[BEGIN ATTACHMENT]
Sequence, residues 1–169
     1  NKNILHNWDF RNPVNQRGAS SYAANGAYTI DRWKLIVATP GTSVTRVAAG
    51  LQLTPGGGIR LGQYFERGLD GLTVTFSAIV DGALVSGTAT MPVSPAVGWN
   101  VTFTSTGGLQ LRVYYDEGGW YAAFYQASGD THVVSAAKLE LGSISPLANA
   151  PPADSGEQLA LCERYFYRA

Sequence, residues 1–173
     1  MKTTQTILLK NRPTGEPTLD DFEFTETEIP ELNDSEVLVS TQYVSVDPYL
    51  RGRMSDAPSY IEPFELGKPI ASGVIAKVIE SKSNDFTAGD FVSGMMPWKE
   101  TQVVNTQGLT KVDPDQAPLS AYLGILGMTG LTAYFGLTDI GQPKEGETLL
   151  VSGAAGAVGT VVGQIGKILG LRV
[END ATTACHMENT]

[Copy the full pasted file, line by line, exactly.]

Sequence, residues 1–169
     1  NKNILHNWDF RNPVNQRGAS SYAANGAYTI DRWKLIVATP GTSVTRVAAG
    51  LQLTPGGGIR LGQYFERGLD GLTVTFSAIV DGALVSGTAT MPVSPAVGWN
   101  VTFTSTGGLQ LRVYYDEGGW YAAFYQASGD THVVSAAKLE LGSISPLANA
   151  PPADSGEQLA LCERYFYRA

Sequence, residues 1–173
     1  MKTTQTILLK NRPTGEPTLD DFEFTETEIP ELNDSEVLVS TQYVSVDPYL
    51  RGRMSDAPSY IEPFELGKPI ASGVIAKVIE SKSNDFTAGD FVSGMMPWKE
   101  TQVVNTQGLT KVDPDQAPLS AYLGILGMTG LTAYFGLTDI GQPKEGETLL
   151  VSGAAGAVGT VVGQIGKILG LRV